Ours is a congregation, which desires to reflect the preeminence of Christ in all things through the power of the Holy Spirit unto the glory of God the Father.
So we preach Christ crucified in all of Scriptures as the only Redeemer of the world, able to forgive us of our sins, no matter how big or many; able to transform us, no matter how broken or vile; able to unite us, no matter how diverse our backgrounds; and able to give us true joy and peace, no matter what our circumstances may be.
We believe that our mission is impossible apart from the life-giving, life-transforming power of the Holy Spirit, which is made available to us through prayer.
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Knowing the seriousness of this situation, "the whole assembly of the people of Israel gathered at Shiloh to make war against them" (v. 12). This was not because they were warmongers. What they wanted more than anything was to have the other tribes repent of their apparent sin. So, the Cisjordan tribes did something magnanimous. In calling them to repentance, they offered to share their inheritance with them (v. 19). But fortunately, this was a huge misunderstanding. When they confronted the Transjordan tribes, they discovered the truth. They were not building a different altar for the sake of offering sacrifices! It was not even because they wanted to have their own religious center so they didn't have to cross the Jordan to go to Shiloh for worship. After all, they built the altar on the west side of the Jordan, not on the east side where they lived (v. 10).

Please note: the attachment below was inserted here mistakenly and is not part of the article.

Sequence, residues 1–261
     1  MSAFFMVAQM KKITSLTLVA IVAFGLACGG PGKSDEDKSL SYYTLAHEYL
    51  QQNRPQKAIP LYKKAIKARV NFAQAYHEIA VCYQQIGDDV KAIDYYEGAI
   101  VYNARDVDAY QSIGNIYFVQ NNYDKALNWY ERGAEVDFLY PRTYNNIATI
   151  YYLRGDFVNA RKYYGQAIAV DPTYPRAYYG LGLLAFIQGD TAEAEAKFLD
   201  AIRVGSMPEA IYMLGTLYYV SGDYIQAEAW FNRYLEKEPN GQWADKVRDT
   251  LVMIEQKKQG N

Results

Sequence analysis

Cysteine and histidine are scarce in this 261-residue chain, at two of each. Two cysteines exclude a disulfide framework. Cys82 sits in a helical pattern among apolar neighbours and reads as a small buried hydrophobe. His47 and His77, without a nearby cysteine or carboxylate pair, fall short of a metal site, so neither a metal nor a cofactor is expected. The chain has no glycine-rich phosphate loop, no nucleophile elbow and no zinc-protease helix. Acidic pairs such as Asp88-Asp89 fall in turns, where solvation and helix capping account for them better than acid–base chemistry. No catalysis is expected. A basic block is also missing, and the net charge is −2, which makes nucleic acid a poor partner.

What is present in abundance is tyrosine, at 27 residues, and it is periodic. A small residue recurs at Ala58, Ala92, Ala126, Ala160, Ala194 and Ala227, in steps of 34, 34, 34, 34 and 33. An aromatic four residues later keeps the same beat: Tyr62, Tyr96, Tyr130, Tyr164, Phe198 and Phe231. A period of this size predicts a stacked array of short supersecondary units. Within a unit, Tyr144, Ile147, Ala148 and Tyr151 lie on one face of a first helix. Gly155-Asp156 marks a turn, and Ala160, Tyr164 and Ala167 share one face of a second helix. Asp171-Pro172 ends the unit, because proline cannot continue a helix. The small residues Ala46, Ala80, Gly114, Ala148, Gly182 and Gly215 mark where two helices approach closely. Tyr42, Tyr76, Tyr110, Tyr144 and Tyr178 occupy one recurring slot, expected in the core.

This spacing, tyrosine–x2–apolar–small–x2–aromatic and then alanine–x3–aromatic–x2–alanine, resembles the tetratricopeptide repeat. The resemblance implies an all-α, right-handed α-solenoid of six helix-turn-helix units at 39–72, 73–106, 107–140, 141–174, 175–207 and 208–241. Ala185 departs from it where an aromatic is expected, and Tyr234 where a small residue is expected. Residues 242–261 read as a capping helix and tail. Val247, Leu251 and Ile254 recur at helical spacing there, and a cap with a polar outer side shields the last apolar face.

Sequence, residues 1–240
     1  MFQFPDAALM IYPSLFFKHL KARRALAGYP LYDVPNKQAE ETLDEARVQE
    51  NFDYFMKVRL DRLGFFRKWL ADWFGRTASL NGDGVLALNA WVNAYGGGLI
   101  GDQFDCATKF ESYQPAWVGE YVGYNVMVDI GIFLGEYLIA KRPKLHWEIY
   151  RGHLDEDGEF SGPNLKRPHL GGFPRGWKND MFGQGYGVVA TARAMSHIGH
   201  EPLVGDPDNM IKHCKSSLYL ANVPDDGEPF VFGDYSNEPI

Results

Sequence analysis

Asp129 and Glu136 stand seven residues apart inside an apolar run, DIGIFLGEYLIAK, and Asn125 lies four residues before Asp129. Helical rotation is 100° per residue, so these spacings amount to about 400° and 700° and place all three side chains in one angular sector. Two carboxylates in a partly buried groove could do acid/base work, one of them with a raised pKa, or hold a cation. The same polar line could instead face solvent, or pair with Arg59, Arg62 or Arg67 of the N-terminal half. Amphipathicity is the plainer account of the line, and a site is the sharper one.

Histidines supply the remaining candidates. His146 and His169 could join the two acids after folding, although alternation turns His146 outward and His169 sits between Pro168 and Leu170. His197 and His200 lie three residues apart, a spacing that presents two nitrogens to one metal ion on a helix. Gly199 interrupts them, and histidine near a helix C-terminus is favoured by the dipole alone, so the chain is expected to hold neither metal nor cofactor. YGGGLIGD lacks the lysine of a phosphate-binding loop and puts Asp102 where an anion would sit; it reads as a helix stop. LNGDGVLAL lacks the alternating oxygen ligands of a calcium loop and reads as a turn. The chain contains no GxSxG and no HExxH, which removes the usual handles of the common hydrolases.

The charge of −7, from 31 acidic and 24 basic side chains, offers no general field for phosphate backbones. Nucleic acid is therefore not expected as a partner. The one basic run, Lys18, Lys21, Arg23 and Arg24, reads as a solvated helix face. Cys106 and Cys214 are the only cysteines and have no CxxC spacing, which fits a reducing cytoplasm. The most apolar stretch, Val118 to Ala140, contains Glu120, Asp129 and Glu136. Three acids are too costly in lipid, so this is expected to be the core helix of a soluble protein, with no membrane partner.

Why did they build this altar, then? They too were concerned about the possible negative impact of their physical separation. They were afraid that, because they lived on the east side of the Jordan, they would be treated like second-class citizens. Though they lived on the other side of the Jordan, they were fellow citizens with the tribes that lived in the land of Canaan. That was why the altar was built on the west side of the Jordan. That was why they built it so huge ("an altar of imposing size," v. 10). This way, they could see it from the other side of the Jordan as a reminder of their equal membership in the kingdom of God with the people of Israel on the west side.